Italy Deputy PM Matteo Salvini Downplays Racist Abuse Aimed at Kalidou Koulibaly

Tom Sunderland@@TomSunderland_Featured ColumnistDecember 28, 2018

Italy's Interior Minister and Deputy Prime Minister Matteo Salvini (C) gestures after signing the guest book during his visit on December 12, 2018 to the Yad Vashem Holocaust Memorial museum in Jerusalem, which commemorates the six million Jews killed by the German Nazis and their collaborators during World War II. (Photo by MENAHEM KAHANA / AFP)        (Photo credit should read MENAHEM KAHANA/AFP/Getty Images)
MENAHEM KAHANA/Getty Images

Italian Deputy Prime Minister Matteo Salvini has attempted to downplay racist abuse directed at Napoli defender Kalidou Koulibaly by a section of Inter Milan fans as "healthy teasing."

Monkey chants could be heard at the San Siro during Napoli's 1-0 defeat, leaving Koulibaly visibly upset before a second caution in the 81st minute saw him sent off. However, in an appearance on Tiki Taka on Thursday (h/t Football Italia), Salvini said:

"I expect answers from the Milan police chiefs, because evidently something didn't work. There were some criminals who came from abroad to sow violence.

"Racism is the stuff of idiots in 2018, but let's not put everything in the same pot. In the stadiums they also sing 'Milan in flames', would that be racism too?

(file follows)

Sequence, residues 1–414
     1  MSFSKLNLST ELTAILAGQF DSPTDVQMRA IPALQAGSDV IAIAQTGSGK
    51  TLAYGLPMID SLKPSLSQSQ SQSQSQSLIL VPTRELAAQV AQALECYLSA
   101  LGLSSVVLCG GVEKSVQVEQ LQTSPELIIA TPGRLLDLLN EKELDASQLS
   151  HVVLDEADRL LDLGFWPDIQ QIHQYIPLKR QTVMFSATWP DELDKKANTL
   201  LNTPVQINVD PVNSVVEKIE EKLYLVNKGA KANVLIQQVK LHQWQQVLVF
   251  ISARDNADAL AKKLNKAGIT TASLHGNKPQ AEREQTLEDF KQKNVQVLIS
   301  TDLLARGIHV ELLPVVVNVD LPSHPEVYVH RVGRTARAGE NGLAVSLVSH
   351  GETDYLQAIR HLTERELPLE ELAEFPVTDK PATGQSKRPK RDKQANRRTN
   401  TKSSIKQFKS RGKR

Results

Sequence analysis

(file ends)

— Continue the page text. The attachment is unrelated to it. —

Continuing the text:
"Bonucci was booed by the Milan fans, is that racism? Healthy teasing among fans is not to be considered racism."

Inter reacted to the incident on Twitter a day after the Boxing Day clash took place and distanced themselves from those who racially abused Koulibaly:

The Times reported Italian football authorities have also ordered Inter's next two matches be played behind closed doors in response to events around the match, which included violence between fans that resulted in the death of one man:

BBC News confirmed Inter fan Daniele Belardinelli, 35, who was reportedly one of the club's ultras, had died after being hit by a van near the San Siro on Wednesday, while four Napoli supporters were stabbed. 

The 45-year-old Salvini, who is federal secretary for the Italian far-right group Lega Nord, went on to condemn the violence and said he'd like to see Koulibaly at his club, AC Milan:

"The vast majority of the organised fans [Ultras] are good people, those people yesterday are delinquents, not fans. A fan doesn't go to a stadium with a knife.

"What would I say to Koulibaly? That I'd love to see him in a Milan shirt though, he's very strong."

The politician also felt the stadium ban was unfair on Inter: "I don't understand why the overwhelming majority of Inter fans, good people, have to pay for some criminals who were fighting 2 kilometres away. Criminal responsibility is personal."

It's unlikely Salvini's words will be well received after an outpouring of support for Koulibaly following the game.

Juventus star Cristiano Ronaldo condemned the racist chanting, via ESPN FC:

Manchester City captain Vincent Kompany followed suit and also referenced the alleged racist abuse suffered by team-mate Raheem Sterling during a game against Chelsea in early December:

Inter's next game will be at Empoli on Saturday, followed by a two-week break before their next home game, against Benevento in the Coppa Italia on Jan. 13.

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